DES MOINES-You can’t spell Jacobs without Jobs. That was one of the key taglines in Mark Jacobs’ 20-minute speech that officially launched his U.S. Senate campaign. The former CEO of Reliant Energy made it clear to the crowd of 100 supporters and onlookers that jobs for Iowans will be his number one priority as a U.S. Senator.
“Our leaders in Washington are incapable of solving problems,” Jacobs said. “The true choice we face is either electing another politician and expecting different results, or choosing someone with a business perspective who can build coalitions and enshrine our conservative principles into law.”
Speaking at Infomax Office Systems, a company his father started 55 years ago and his brother runs today, Jacobs drew an audience that consisted largely of local business people. Mark Jacobs believes his impressive resume and skills would suit is Iowans well in Congress.
Although he has lived outside Iowa for many years, Jacobs played up his Des Moines roots during the speech. He said many Iowans have asked why someone with his experience would want to enter the dysfunctional “snake pit” in Washington, D.C.
“It would be easy for me to throw up my hands and leave these great problems for others to solve but the Iowa values that brought me success in the business world now compel me to enter the political world. I will not stand idly by while the American dream becomes obsolete for American families. Washington needs an infusion of commonsense,” Jacobs said.
Reading his prepared speech, Mark Jacobs seemed very comfortable behind the podium. He showed the ability to deliver good applause lines and inject humor at proper times.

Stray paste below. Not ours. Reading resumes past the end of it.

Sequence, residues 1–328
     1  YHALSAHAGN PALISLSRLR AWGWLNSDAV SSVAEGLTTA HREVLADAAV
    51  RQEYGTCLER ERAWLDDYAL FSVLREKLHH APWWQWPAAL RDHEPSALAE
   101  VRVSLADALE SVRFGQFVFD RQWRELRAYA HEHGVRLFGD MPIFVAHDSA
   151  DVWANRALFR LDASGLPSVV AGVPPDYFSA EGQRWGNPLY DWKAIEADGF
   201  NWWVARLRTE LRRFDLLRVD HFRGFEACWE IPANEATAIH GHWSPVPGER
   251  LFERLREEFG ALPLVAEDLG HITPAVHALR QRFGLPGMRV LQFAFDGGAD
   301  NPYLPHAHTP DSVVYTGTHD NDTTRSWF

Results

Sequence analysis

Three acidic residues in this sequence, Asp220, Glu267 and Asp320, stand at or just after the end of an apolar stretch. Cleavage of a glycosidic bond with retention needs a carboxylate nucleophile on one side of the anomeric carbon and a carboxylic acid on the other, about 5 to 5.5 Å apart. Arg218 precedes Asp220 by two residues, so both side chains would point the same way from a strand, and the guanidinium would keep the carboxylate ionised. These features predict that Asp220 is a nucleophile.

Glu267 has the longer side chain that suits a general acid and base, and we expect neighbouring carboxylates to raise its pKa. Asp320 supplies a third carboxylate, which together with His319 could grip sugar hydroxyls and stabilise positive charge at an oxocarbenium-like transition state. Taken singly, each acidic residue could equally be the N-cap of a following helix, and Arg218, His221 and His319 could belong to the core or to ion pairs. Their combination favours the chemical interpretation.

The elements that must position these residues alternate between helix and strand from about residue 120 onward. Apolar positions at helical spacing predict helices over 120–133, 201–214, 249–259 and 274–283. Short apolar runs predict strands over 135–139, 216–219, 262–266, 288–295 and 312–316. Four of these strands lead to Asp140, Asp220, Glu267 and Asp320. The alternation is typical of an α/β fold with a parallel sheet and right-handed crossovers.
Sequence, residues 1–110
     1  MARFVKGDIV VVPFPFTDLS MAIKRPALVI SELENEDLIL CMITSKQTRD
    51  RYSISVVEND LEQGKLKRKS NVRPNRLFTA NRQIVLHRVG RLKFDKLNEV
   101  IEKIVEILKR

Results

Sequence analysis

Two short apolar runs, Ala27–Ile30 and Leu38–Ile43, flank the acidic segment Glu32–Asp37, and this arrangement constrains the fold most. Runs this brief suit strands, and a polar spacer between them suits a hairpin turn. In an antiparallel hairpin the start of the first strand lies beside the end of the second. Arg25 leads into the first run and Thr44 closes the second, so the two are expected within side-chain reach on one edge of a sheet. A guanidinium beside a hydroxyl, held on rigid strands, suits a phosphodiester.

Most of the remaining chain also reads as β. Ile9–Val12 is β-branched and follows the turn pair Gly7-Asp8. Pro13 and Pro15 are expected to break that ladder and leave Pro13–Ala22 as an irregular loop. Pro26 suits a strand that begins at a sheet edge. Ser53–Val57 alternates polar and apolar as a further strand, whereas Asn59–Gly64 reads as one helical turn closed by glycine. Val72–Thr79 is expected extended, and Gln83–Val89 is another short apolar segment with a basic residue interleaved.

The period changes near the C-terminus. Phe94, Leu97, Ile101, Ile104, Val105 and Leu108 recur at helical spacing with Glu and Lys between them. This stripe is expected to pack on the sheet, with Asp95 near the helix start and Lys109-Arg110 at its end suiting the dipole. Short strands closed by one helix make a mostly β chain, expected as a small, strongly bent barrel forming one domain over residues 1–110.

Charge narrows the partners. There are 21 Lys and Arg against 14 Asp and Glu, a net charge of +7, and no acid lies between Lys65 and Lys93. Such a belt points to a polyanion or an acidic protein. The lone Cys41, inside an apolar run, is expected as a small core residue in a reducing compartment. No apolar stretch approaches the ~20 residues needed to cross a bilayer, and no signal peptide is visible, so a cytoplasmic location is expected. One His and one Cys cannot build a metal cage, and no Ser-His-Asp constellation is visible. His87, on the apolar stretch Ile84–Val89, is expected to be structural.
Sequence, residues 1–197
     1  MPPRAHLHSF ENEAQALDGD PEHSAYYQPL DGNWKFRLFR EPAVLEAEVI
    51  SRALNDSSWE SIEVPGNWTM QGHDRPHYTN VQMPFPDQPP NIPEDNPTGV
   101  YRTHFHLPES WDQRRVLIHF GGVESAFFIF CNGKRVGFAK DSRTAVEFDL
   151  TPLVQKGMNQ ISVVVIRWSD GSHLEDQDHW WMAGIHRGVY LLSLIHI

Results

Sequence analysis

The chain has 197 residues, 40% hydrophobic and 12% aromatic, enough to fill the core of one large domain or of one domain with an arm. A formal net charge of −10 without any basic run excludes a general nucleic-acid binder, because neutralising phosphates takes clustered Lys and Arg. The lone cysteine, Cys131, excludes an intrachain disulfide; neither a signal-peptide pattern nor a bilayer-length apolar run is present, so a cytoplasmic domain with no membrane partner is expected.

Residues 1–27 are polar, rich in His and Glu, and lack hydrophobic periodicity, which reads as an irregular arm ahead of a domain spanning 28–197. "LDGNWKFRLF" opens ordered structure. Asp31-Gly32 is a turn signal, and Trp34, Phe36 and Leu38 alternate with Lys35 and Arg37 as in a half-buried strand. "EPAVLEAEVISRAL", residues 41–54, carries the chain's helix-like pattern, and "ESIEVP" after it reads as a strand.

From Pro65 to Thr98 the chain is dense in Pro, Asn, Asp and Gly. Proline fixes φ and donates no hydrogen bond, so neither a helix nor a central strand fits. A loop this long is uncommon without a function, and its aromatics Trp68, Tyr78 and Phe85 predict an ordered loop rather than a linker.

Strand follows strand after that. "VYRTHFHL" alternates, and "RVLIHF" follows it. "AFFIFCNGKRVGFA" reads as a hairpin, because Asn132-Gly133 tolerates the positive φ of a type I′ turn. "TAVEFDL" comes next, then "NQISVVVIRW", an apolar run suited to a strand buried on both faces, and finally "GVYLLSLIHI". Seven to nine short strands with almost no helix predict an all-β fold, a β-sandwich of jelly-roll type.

Jacobs has had plenty of practice in public speaking over the past several months. He travelled the state earlier this year, pushing his ideas for education reform while speaking at Rotary luncheons and Lions Club meetings.
However, there was one faux pas during his campaign announcement speech. The line sounded bad, if taken out of context.
“For all of the fiscal and economic challenges we face, if we were able to grow our government just one percent faster over the next decade, we could wipe out over half of our annual budget deficits,” Jacobs said.
He meant to say, “grow our economy”, not “our government”. Jacobs’ campaign clarified that after the event and it was obvious he did not mean to say “government”, because 20 seconds earlier, he spoke about how adding more government programs is not the solution to America’s widening income disparity.
Jacobs’ stances on education reform have raised the eyebrows of some conservatives. He sought to shove that issue to the wayside.
“K-12 education is a state and local issue and we don’t need Washington calling the shots when it comes to our curriculum,” he said.
However, Jacobs said closing the skill gap through community college and vocational programs is one of his priorities to fuel economic growth and create jobs. Expanding energy production, tackling costly regulations, tax reform and reforming healthcare are the other key components of Jacobs’ platform.
“We all agree everyone should have access to affordable health insurance, including those with pre-existing conditions, but the plan we were sold doesn’t work,” Jacobs said. “The big problem I see in the healthcare industry is the ever escalation of costs. It’s squeezing American families. It’s increasing our annual budget deficits, and the truth is that Obamacare does nothing to solve that issue. What we should be doing is attacking costs at the provider level.”
Overall, it was a solid entry into the race for Mark Jacobs. A good-sized crowd, a well-received speech and some details added onto the red meat. Jacobs went beyond speaking in platitudes and offered what he believes are real world solutions for many of the problems Iowans face.
However, some of the other Republican candidates in the crowded field, particularly Joni Ernst’s campaign, are already trying to label him as a carpetbagger who moved back to Iowa last year simply to run for the U.S. Senate. Jacobs shrugged off those criticisms when speaking to reporters afterwards.
“I’m not going to comment on what other campaigns are doing,” Jacobs said. “Our message is about growth and opportunity. It’s a very positive message and one that I think, as I travel across Iowa, people are yearning to hear a positive message and people are sick and tired of the dysfunction we have in Washington, D.C. They want people who can go to Washington and solve problems and that’s what our focus is going to be on.”
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